Wednesday, May 14, 2014

Gettysburg: Death of 17th Connecticut Lt. Colonel Fowler

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Gettysburg photographer William Tipton shot this image of the dedication of the
 17th Connecticut monument on July 1, 1884.  (CLICK ON IMAGE TO ENLARGE.)
A enlargement of the image above shows many of the attendees gathered under a 
canopy next to the monument.
(CLICK ON IMAGE TO ENLARGE.)
In this circa 1885 William Tipton image, William Henry Noble (second from left), a colonel
 in the 17th Connecticut, appears with Henry Allen (third from right), a veteran and chairman 
of the 17th Connecticut monument committee. Henrietta Noble, William's daughter, is at left next 
to Allen's wife. The other men are unidentified.
(CLICK ON IMAGE TO ENLARGE.)

On July 1, 1884, 21 years after their lieutenant colonel was decapitated by Rebel fire on the first day of the Battle of Gettysburg, 17th Connecticut veterans gathered with their families for their monument dedication yards from where the gruesome event occurred. Among the gray-haired veterans who sat beneath a canopy next to the monument on Barlow's Knoll were William Henry Noble, who had served as a 17th Connecticut colonel, and Connecticut governor Phineas Lounsbury, who served as a private in the regiment but had been discharged for disability in December 1862.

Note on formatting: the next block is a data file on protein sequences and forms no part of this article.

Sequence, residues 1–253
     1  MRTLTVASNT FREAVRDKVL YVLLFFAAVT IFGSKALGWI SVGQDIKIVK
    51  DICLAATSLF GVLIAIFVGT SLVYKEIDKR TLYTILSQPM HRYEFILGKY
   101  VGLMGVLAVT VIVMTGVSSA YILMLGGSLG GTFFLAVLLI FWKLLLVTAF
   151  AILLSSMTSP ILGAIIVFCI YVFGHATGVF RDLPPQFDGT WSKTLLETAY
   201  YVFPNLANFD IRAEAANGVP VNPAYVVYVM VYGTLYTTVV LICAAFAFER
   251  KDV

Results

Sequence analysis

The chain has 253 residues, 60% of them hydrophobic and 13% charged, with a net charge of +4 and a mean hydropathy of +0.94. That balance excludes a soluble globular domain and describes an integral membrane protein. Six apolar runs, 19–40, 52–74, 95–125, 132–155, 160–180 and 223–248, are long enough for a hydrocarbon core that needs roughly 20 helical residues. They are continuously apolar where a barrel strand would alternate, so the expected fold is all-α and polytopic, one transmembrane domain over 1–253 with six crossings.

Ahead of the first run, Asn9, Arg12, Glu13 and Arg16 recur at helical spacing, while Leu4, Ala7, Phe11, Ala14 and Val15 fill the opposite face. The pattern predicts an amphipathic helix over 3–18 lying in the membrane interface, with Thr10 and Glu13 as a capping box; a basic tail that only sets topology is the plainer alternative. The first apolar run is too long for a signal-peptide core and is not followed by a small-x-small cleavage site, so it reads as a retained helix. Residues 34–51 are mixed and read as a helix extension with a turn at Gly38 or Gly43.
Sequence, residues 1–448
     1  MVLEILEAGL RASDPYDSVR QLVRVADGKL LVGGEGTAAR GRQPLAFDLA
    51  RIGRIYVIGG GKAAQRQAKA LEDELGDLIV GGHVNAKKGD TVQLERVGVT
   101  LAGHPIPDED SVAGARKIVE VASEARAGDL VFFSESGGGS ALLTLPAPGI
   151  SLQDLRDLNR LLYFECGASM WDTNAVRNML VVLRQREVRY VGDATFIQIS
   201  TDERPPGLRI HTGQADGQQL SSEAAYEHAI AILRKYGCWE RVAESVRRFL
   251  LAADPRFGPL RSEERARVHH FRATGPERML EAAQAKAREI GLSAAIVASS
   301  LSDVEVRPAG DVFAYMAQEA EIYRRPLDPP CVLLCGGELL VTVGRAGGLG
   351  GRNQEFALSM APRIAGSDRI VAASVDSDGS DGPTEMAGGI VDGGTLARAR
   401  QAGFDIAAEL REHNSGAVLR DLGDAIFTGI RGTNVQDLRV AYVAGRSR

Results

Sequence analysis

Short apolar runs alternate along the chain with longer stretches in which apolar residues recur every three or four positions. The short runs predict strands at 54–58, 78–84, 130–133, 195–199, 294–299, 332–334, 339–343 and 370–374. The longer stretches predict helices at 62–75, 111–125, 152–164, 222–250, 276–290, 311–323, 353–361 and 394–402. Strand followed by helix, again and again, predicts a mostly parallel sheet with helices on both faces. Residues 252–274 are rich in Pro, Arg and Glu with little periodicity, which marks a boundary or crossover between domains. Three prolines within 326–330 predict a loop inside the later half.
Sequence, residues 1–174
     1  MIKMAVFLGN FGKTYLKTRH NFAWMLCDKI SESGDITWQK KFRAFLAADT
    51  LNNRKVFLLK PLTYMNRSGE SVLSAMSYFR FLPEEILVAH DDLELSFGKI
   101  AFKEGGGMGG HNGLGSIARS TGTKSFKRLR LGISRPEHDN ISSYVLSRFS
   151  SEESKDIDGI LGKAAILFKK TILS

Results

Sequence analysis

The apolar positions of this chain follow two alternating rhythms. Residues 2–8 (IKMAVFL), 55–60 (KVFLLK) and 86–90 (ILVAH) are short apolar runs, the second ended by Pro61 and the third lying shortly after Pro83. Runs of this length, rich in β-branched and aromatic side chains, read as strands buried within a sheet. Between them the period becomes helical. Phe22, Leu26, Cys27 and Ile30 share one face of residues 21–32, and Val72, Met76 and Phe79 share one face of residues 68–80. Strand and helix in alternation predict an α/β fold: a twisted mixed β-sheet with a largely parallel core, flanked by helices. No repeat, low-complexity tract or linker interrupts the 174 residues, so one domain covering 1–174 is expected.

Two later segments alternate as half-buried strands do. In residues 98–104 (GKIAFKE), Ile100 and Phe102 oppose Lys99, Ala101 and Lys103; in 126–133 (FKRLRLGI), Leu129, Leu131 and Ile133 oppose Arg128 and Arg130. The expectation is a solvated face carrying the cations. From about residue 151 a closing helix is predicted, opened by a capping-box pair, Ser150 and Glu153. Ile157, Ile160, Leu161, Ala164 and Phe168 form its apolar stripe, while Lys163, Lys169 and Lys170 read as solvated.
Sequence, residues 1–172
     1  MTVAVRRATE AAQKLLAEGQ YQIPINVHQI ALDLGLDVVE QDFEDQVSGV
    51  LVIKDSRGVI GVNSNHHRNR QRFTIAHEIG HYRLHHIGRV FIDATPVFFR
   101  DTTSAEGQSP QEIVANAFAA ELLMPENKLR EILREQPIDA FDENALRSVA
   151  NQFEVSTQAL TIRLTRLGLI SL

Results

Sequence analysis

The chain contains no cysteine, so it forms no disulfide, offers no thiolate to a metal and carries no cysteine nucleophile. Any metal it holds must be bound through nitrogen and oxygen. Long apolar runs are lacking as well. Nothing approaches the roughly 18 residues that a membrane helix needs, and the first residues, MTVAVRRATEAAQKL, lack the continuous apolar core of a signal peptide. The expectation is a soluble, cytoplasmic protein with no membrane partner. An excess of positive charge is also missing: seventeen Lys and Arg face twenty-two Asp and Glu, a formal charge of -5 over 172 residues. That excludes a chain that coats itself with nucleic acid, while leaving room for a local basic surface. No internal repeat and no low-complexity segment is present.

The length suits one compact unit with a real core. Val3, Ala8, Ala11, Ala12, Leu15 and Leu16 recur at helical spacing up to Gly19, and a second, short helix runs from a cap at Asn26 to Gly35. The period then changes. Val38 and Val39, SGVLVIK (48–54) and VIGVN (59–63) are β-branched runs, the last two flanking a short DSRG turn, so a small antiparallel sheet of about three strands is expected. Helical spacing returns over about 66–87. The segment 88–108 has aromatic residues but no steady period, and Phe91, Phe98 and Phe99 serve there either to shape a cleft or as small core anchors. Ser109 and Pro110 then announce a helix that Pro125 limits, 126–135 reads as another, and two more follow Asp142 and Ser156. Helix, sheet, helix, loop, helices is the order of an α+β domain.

Lieutenant colonel Douglass Fowler was 
killed at Gettysburg on July 1, 1863.
Before the dedication, an American flag draped the white granite monument upon which were etched 35 names of 17th Connecticut soldiers who had died at Gettysburg. Near the top of the left front side appeared the name of Douglass Fowler, the 37-year-old officer from Norwalk, Conn., whose horrific death on the knoll had shocked his comrades decades earlier.

Directing his men while astride his white horse during the chaos of battle, Fowler was a prominent target as Rebels advanced through a strip of woods 100 yards or so in front of the regiment. (See interactive panoramas below.) "Soon after I had sent my wounded to the rear," Albert Peck, a 2nd lieutenant in the regiment, wrote 24 years after the battle, "the line officers gathered around Colonel Fowler and tried to persuade him to dismount during the battle, but he refused, fearing he might be deemed cowardly."

A short time later, the regiment was ordered to fall in, deploy for battle and charge.  "... our gallant boys advanced on the enemy with a will," Peck remembered. But as the Rebels closed on the outnumbered 17th Connecticut and the "din had reached the standard of a hell," according to a private, Fowler shouted a command and "the next instant he reeled from the saddle." (Hat tip to excellent 17th Connecticut blog.) Gunfire or canister sheered off the top of the lieutenant colonel's head, splattering his brains on his adjutant by his side.
On the 17th Connecticut monument on 
Barlow's Knoll, Douglas Fowler's name appears
 on a panel with seven other soldiers who died
 at Gettysburg. The stone  carver included 
an extra "s" in Douglas' first name.

Decades after the battle, Edward Fowler, the officer's younger brother, wrote that an "unexploded cannester [sic] shot" struck Douglas and took his head off above the mouth, but he had not witnessed the terrible scene. A private in the 14th Connecticut, Edward had been discharged for disability in February 1863.